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This Week in PNAS: Apr 24, 2013

Columbia University's Ian Lipkin led an international team that unearthed dozens of hepaciviruses and pegiviruses in bats. As they report in the early, online edition of the Proceedings of the National Academy of Sciences, the researchers started with an RNA sequencing-based look at viral diversity in blood samples from more than 400 African and Central American bats. When they tossed out host sequences and compared the remaining reads with RNA and amino acid databases, investigators identified various viral representatives from the Flaviridae family. Among them: representatives from the Hepacivirus and Pegivirus genera that contain hepatitis C and related GB viruses, respectively. Follow-up experiments in more than 1,200 samples from bats in seven countries indicated that a significant proportion of bats — almost 5 percent of those tested — carried hepaciviruses and/or pegiviruses.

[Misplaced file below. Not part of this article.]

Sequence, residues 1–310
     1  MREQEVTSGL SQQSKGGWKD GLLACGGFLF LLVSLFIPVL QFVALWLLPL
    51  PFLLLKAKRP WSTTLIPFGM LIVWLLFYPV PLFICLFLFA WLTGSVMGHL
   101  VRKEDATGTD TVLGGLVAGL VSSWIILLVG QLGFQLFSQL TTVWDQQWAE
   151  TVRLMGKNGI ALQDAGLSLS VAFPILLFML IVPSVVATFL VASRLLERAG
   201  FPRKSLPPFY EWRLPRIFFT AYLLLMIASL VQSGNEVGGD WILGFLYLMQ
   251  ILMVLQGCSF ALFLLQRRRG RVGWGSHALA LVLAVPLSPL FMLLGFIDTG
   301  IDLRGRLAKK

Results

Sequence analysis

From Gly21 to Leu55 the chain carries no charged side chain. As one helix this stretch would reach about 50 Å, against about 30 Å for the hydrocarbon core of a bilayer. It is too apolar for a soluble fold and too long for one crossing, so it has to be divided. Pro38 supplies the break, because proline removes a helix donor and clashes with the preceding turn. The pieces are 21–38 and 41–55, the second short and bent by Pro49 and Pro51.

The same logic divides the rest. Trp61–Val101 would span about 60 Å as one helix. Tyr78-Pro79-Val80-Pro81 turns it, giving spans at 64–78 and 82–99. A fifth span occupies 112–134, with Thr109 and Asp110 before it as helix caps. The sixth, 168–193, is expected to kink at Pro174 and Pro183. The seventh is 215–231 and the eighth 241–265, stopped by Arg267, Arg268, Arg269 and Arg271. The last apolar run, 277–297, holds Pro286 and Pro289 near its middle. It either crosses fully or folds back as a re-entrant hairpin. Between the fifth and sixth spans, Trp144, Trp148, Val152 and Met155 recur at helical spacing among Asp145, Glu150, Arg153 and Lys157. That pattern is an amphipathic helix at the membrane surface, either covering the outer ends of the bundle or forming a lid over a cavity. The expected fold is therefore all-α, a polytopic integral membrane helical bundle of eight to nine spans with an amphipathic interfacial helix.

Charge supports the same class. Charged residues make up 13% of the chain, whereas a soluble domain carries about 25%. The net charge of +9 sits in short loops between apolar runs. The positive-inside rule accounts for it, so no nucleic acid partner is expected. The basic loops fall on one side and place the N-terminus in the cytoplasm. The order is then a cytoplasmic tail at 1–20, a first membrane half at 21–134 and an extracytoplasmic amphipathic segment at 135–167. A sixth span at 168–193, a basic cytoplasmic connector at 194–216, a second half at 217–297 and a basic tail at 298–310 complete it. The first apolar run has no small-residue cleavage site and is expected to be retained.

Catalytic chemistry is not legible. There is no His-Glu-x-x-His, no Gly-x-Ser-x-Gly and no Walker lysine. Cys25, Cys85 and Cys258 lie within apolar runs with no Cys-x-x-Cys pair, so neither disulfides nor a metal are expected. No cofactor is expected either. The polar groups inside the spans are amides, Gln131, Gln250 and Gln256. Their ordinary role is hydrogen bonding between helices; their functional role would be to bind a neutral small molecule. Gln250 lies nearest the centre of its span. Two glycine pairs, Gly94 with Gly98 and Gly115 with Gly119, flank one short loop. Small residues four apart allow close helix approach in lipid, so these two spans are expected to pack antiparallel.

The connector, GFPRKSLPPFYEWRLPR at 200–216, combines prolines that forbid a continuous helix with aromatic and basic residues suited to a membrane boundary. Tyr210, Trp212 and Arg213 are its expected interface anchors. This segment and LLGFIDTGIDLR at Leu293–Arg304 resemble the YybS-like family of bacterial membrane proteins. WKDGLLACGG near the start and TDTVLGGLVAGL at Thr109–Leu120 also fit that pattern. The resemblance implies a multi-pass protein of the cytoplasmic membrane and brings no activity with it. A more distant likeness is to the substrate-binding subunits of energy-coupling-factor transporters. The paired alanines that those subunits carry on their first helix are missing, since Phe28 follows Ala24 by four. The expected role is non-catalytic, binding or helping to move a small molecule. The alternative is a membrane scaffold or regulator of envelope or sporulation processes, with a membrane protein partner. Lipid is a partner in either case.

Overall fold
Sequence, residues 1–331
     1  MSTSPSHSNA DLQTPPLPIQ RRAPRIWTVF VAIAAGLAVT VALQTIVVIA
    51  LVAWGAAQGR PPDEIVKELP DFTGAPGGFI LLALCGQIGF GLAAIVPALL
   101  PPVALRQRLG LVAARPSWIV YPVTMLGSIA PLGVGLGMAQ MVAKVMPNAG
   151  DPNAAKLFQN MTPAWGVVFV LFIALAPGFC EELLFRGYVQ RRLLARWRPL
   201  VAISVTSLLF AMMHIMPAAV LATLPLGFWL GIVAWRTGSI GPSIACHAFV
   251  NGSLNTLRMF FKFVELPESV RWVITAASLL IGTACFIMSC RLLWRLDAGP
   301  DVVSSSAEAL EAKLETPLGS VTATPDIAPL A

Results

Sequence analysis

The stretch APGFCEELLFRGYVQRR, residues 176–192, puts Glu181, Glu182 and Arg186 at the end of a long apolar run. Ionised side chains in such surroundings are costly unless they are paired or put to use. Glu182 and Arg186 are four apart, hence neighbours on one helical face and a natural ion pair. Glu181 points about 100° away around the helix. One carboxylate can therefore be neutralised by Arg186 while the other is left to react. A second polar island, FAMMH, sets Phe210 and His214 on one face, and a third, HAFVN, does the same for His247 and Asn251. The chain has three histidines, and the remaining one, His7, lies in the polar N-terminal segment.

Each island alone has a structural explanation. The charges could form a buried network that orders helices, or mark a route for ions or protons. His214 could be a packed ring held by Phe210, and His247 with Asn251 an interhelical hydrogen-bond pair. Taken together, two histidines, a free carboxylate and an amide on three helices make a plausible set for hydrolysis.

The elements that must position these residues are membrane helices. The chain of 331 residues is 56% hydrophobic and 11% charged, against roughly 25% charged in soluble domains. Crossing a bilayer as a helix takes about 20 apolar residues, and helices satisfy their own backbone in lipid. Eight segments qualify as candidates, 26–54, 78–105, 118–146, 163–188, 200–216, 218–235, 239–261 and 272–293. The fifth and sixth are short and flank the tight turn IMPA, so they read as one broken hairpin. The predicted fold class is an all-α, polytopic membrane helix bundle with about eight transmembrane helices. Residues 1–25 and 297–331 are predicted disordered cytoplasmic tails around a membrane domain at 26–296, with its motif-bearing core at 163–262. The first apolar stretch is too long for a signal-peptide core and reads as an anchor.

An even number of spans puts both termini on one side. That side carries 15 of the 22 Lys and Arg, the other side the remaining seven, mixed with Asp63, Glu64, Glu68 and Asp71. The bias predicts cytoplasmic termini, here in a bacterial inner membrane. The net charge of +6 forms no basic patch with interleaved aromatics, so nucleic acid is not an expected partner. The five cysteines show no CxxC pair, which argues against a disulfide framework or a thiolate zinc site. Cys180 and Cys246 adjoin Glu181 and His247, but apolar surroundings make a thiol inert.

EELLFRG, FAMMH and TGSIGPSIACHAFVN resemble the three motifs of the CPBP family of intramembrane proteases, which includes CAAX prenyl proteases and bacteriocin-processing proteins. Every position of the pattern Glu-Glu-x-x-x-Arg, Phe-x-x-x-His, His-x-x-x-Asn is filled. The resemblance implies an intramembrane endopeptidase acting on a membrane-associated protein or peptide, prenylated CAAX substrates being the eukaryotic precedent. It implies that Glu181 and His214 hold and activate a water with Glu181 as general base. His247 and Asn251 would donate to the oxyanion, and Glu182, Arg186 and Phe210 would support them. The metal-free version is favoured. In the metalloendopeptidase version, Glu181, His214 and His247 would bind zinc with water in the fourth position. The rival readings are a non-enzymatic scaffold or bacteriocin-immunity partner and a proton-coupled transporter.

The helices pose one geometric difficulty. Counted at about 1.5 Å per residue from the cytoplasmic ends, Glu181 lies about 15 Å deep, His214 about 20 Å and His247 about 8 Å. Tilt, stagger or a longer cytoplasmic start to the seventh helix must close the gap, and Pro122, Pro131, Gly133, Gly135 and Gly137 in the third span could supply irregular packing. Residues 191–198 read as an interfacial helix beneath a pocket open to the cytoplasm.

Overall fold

An international team led by investigators at the University of California, Davis, describes a new four billion base physical map for Aegilops tauschii — a diploid plant with a genome that's thought to correspond to the hexaploid wheat plant's "D genome." Using an Ae. tauschii SNP array and contigs assembled from fingerprinting information on hundreds of thousands of bacterial artificial chromosomes, researchers put together a 4.03 billion base physical map for Ae. tauschii. Through comparisons with sequenced plants, authors of that study gained insights into gene density, disease resistance gene profiles, recombination, chromosome structure, and other features related to grass plant evolution.

Finally, for another study slated to come out online this week in PNAS, researchers from Cornell University outline a single-molecule analysis strategy that they are using to tally up multiple epigenetic marks in combination with one another. The "single chromatin molecule analysis in nanochannels," or SCAN, approach centers on a nanofluidic manipulation of bits of chromatin with fluorescent labels recognizing methylated DNA and other epigenetic marks, study authors explain. In the new study, for example, they demonstrated that this method could assess combinations of epigenetic marks in both normal and cancerous cell lines.